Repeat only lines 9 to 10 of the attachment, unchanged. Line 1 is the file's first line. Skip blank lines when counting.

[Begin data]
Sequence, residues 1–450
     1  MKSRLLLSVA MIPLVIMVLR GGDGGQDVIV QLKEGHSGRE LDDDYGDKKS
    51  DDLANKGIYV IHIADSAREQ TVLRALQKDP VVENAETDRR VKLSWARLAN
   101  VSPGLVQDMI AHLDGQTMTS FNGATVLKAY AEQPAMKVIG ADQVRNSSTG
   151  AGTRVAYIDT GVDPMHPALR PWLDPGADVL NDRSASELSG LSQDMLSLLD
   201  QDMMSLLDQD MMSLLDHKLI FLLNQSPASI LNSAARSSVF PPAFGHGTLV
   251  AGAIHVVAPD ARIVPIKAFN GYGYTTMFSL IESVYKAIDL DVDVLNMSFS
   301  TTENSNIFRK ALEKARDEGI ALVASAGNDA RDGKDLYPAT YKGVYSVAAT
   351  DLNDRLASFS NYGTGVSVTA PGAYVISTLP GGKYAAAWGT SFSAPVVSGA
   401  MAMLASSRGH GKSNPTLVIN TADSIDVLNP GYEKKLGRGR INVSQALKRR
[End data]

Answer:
   351  DLNDRLASFS NYGTGVSVTA PGAYVISTLP GGKYAAAWGT SFSAPVVSGA
   401  MAMLASSRGH GKSNPTLVIN TADSIDVLNP GYEKKLGRGR INVSQALKRR